|"I'm tired of you hearing people! You don't understand me!"|
|"No! Leave me alone!"|
|"Hmmm. Well, the hands are moving, so it just might work."|
We head back to Riva. Troi solves the problem by accident. She goes in to speak with Riva privately, intent on taking over his role, and talk to him about... his techniques for diplomacy. Imagine that. She didn't even mention auditory treatment! She focused on him as a person and on the strategies he himself developed! And the result was that Riva, confronted with the loss of his role and the core of himself, began to recall the procedures and strategies he used to help groups reconcile in the past. He realizes he can turn his loss into an advantage: he'll force the desperate Solari-folk to learn his signed language; the common challenge might provide grounds for the two groups to learn about each other. In most cases, I'd be doubtful: here, I think there's actually a chance. The angry warring groups really do seem desperate, for fashion if not for a future. Riker, at the end, expresses concern about leaving Riva alone, but Riva almost laughs: he'll be fine.
You know he will.
Bits and Pieces
-- We held a watching party to check out this episode, with an American Sign Language (ASL) interpreter and some Deaf people. The reactions were mixed. Few of us liked the initial message of dependency from Riva. But we all liked his characterization, the force of his personality (some of which was felt by Troi) and I think we admired his bravery at the end. The one off moment: why didn't Riva write a short message to the Enterprise crew asking them to give him a day or two to resolve his grief or something? I know, it's one of those obvious things that would take out most of the drama, and it's possible there's no paper and pen in the future, but surely the padds could do something?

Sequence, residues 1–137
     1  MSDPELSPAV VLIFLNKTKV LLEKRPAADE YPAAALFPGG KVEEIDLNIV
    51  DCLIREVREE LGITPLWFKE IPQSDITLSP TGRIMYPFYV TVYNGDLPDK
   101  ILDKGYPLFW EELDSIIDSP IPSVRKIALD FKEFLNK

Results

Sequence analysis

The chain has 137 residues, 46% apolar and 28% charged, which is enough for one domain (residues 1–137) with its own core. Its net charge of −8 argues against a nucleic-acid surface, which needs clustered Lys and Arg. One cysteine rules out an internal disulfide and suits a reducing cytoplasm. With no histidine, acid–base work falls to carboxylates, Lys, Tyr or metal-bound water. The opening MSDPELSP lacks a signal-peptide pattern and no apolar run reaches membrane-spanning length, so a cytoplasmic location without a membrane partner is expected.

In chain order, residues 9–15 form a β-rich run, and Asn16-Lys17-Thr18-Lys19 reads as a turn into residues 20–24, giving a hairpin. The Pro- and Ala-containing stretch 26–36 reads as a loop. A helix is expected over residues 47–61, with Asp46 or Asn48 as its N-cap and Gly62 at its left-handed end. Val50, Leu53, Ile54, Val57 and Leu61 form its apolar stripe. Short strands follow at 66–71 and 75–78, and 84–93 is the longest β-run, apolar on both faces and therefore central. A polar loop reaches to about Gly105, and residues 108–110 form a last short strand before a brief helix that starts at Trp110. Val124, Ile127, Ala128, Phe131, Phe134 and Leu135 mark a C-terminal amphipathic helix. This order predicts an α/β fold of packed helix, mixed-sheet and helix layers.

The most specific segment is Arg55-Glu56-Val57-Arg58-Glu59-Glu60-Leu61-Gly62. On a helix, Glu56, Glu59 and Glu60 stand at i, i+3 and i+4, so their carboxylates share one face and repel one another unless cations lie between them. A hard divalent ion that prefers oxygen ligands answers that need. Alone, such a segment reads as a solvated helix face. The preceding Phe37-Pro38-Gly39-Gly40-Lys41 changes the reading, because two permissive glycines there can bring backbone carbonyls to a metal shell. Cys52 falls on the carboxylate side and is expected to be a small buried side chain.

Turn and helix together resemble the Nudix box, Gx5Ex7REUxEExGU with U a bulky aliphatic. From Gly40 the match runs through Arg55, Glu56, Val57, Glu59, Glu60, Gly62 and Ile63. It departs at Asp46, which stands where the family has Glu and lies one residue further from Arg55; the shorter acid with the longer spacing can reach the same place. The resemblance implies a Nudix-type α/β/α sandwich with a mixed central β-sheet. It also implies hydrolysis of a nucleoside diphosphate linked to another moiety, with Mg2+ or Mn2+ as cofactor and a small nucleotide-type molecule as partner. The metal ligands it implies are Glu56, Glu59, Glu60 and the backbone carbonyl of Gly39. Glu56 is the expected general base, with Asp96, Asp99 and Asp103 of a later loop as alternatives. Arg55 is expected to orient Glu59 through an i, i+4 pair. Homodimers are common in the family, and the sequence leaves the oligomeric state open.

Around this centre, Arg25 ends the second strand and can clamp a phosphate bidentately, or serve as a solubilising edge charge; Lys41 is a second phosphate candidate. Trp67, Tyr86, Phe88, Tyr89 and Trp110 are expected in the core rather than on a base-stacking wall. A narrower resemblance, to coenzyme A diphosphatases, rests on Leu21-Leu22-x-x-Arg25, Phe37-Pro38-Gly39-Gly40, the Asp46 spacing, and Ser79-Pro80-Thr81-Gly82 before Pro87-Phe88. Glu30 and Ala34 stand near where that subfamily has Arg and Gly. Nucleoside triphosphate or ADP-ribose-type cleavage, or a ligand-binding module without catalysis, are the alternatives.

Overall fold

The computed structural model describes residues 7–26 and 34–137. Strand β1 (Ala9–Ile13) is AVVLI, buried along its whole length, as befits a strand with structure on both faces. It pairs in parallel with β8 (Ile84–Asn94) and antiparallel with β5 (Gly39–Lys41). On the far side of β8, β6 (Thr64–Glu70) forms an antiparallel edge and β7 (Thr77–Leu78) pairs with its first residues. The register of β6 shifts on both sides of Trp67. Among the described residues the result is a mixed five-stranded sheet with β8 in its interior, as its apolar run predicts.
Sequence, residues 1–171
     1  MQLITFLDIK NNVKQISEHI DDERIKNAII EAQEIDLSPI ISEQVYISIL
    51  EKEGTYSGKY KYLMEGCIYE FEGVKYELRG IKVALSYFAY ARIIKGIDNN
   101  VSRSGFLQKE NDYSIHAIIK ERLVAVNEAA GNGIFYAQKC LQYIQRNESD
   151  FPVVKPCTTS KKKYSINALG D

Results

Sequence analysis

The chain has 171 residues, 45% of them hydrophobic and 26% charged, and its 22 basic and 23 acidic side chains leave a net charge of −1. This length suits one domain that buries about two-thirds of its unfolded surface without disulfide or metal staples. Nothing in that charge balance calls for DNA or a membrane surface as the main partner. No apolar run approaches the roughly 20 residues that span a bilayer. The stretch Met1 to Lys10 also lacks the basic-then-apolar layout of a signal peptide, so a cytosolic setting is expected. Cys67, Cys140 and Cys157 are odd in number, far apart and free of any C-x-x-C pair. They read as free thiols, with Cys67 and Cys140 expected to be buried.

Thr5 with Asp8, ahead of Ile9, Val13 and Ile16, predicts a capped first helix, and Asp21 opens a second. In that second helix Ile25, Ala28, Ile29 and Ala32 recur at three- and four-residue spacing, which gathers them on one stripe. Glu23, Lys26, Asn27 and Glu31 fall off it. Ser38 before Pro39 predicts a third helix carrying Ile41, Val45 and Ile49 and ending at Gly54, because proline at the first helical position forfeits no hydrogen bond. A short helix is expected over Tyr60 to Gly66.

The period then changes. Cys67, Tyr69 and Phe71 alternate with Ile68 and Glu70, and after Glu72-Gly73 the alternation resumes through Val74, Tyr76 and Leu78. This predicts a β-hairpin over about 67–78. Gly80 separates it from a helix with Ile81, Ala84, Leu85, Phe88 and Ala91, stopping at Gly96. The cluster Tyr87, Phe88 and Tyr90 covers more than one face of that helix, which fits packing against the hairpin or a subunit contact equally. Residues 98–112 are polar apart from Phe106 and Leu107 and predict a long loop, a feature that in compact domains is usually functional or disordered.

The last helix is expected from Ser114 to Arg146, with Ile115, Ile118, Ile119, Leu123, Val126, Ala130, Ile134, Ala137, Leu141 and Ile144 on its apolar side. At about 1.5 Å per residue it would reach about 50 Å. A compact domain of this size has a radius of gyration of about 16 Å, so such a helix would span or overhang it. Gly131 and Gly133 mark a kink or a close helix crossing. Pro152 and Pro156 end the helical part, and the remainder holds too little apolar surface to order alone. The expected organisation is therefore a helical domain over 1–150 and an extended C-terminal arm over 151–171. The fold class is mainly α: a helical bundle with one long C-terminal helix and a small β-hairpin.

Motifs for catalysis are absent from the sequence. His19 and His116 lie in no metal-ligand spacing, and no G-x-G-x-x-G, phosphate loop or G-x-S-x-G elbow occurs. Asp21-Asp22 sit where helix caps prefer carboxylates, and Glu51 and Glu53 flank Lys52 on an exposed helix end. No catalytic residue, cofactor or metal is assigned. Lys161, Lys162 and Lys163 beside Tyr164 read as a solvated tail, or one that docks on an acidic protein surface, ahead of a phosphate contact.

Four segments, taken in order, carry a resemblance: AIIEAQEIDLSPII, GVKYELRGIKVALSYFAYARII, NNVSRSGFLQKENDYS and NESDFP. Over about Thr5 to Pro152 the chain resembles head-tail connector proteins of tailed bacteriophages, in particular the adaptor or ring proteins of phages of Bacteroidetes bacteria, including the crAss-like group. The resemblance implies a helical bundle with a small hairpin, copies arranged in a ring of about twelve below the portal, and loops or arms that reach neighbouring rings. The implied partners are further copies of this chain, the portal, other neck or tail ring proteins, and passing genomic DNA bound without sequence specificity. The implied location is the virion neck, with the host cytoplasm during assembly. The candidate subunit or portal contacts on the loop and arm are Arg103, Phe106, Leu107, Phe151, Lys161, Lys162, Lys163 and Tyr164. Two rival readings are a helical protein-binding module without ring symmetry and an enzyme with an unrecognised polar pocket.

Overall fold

-- On the other hand, as a telepathic race, his world might not have had a written language.
-- The death of the Chorus looked exactly like the death of the aliens in "Conspiracy".
-- How many times does a Deaf guy get to save the world on TV? Props.
Picard: But Data can understand you. Use him. Let him explain your words.
Riva/Data: When Data speaks for me, can you hear my anguish, my despair? Data is a fine machine, but he cannot take the place of my chorus. It took years to develop a communication. That cannot be easily replaced.
Data: I have eliminated all but five distinct forms of signing. I will learn them all. Computer, show me gestural language designation M-9.
Worf: Interesting. A technique of communication which is both silent and covert. It could be very useful.
Data: The use of gestures and hand signals predates the spoken word in most cultures. The major exception being the Leyrons of Malkus Nine who actually developed a written language first.
I actually loved this! I thought the Deaf Power stuff from Riva was slightly out of place but I welcomed seeing it on any media at all anywhere. As a Star Trek episode, though, I thought it fell flat. Picard should have yelled at Pulaski for her eagerness to violate the Prime Directive for medical knowledge. Riker and Worf were basically useless throughout the episode.
Three out of four Superphasers.